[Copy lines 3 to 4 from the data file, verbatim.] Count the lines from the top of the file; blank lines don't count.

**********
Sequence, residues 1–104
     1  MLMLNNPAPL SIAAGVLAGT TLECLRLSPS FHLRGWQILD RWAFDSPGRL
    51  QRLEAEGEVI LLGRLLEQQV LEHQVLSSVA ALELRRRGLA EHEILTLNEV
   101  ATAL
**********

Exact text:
    51  QRLEAEGEVI LLGRLLEQQV LEHQVLSSVA ALELRRRGLA EHEILTLNEV
   101  ATAL